Review by Tatiana Miranda
Sharp Stick is exactly what one would expect from a Lena Dunham-written and directed flick, which is seemingly the heart of the film's successful storytelling. The movie follows the naive 26-year-old Sarah Jo as she navigates her newfound sexuality. Adorned in ribbons and frilly vintage dresses, Sarah Jo appears to be inadvertently coquettish. Her Lolita-style clothing and childlike attitude are what make her a great babysitter to Kevin, and what makes it so uncomfortable to watch as she pursues an affair with Kevin's married dad, Josh. Still, Sarah Jo's innocence through her style and personality doesn't prohibit her from exploring and experiencing every facet of the sexually active experience.
To those unfamiliar with Lena Dunham's comically blunt writing, Sharp Stick might appear to be disorienting and awkward, with characters appearing in ways unlike real people. Yet, to those who've read her book or watched her hit show Girls, it's clear that Sarah Jo's inelegant and problematic actions are representative of Dunham's own personality. Because of this, Sarah Jo's trials and triumphs appear all the more distinctive. The plot of Sharp Stick is simple, reminiscent of The To Do List with its attempt to represent a coming-of-age story of sexual liberation, but Dunham's personal additions to the story are what makes the movie unlike anything seen before.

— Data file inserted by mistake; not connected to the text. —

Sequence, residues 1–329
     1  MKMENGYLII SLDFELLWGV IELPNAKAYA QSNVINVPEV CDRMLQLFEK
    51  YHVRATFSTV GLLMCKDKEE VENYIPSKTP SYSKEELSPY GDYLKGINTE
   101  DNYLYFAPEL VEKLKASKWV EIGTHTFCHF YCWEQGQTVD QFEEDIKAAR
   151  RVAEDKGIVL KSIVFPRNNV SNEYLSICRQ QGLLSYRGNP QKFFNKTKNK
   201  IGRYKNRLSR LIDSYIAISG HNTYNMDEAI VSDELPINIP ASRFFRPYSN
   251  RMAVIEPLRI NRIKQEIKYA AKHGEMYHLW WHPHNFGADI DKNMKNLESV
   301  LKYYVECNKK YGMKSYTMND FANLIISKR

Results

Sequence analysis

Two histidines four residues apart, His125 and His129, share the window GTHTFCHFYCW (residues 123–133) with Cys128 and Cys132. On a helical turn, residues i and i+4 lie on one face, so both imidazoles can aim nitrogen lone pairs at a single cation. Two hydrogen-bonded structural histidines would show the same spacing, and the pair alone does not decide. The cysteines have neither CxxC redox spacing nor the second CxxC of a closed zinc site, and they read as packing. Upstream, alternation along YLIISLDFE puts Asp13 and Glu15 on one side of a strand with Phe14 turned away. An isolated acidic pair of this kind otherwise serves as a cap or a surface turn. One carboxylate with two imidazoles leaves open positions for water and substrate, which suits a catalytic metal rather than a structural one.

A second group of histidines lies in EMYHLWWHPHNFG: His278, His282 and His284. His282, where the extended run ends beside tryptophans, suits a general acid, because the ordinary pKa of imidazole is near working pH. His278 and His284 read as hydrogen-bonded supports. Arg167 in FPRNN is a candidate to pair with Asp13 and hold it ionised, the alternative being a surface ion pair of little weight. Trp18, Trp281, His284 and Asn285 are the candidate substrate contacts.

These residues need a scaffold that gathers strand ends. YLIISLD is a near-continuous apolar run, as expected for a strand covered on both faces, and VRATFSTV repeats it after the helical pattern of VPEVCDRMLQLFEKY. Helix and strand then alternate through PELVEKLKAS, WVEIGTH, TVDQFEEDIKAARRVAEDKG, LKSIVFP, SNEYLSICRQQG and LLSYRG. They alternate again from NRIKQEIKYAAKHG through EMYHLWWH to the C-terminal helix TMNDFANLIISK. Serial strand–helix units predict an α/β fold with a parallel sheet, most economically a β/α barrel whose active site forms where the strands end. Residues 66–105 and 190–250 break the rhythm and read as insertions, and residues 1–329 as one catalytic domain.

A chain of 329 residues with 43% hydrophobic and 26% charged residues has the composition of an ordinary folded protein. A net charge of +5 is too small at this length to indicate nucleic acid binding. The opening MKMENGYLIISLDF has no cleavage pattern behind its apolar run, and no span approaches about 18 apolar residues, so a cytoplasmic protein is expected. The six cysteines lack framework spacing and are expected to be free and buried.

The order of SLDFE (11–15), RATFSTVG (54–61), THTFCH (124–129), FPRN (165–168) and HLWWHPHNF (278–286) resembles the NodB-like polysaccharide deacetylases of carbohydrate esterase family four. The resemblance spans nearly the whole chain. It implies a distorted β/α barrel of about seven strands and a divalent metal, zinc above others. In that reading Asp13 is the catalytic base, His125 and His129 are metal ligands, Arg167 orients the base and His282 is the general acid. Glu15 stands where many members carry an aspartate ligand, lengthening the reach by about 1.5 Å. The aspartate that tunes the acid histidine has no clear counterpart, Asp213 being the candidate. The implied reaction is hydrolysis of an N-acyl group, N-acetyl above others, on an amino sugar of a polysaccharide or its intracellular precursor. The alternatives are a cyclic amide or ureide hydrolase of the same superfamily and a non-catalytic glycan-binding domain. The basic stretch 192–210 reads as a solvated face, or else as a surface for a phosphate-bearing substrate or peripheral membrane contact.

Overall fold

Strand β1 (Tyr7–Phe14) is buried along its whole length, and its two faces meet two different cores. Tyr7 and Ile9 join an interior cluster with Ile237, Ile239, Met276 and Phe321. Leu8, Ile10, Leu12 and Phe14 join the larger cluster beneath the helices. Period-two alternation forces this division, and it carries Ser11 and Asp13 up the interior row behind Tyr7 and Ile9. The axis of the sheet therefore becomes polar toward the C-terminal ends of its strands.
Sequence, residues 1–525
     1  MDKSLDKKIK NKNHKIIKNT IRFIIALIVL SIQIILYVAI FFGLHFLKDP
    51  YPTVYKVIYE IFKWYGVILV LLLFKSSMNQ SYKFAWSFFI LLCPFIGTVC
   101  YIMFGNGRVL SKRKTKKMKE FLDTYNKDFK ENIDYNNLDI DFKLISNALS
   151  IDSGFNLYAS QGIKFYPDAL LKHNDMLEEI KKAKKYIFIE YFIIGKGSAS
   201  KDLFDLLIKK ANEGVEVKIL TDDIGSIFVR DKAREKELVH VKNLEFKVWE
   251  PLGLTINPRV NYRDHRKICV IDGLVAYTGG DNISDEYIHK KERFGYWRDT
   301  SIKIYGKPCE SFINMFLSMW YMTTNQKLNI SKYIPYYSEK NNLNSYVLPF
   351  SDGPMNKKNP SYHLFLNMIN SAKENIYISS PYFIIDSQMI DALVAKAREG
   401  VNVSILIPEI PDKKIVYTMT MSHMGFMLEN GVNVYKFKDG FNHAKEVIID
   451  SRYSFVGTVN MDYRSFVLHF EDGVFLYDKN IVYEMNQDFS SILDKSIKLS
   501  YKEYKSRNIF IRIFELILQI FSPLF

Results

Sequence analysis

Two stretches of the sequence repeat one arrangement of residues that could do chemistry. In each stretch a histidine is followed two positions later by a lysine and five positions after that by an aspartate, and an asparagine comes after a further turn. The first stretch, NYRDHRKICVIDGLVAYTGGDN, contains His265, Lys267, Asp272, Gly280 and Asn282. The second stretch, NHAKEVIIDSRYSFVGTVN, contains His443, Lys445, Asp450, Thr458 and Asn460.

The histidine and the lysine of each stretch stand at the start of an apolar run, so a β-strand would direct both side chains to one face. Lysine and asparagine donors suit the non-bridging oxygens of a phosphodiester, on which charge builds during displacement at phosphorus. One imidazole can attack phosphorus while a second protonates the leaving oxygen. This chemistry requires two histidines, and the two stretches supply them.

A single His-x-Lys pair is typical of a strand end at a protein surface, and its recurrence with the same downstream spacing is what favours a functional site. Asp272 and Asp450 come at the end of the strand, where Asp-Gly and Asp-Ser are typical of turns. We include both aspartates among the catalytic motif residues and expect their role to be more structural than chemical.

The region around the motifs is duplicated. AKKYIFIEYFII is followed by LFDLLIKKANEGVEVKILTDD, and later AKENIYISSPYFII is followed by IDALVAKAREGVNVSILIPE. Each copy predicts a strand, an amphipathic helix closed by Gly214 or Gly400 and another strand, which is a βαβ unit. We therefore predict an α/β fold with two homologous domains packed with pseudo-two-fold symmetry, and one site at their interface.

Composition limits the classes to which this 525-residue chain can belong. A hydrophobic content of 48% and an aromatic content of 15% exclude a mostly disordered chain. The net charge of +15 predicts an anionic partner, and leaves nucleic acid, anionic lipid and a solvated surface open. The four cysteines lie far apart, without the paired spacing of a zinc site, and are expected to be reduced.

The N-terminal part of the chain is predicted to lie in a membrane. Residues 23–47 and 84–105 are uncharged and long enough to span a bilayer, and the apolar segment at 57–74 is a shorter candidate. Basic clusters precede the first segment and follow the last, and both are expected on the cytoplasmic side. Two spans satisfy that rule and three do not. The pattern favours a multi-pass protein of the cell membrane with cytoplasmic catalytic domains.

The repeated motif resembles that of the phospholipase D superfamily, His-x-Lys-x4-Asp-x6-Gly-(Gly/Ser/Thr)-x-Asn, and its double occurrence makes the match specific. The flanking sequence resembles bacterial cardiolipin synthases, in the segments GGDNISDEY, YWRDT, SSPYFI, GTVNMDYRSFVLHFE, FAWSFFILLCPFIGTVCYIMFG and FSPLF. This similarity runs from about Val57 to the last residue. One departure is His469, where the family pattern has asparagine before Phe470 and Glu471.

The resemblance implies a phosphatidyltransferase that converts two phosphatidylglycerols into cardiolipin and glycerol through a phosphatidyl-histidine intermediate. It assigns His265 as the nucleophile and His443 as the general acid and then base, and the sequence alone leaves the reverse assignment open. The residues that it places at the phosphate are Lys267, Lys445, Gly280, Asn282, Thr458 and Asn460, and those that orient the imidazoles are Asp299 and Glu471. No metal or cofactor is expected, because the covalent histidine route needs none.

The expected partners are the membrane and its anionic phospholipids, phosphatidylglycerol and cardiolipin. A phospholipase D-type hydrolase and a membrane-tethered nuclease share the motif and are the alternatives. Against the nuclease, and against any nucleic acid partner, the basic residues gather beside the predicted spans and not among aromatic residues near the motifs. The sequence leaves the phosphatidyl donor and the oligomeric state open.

Beyond Sarah Jo's tale of innocence and exploration of sexuality, Sharp Stick is also centered around her acceptance of growing up with endometriosis. Her scars from childhood surgeries are integral to how she perceives her body and the way it works, noting to Josh before they begin their affair that there is no chance of her getting pregnant because of it. This idea of sexual liberation with seemingly no restrictions is what causes Sarah Jo's curiosity to go out of control, as she attempts to master sex through hook-ups. The climax of the film appears as she realizes her perception of sex is ruined, although, in true Lena Dunham fashion, that doesn't stop her from continuing her sexual conquests.
Sharp Stick is one of a kind in terms of plot, characters, and aesthetic. It carries all of the quirkiness from the writer-director herself and transcends it to be a heartfelt look into femininity, illness, and sexuality. The film's performances are all cohesive to one another, while still standouts in their individual ways. After an eleven-year hiatus, Lena Dunham brings her all to Sharp Stick.
Sharp Stick is now in theaters and hits VOD on August 16.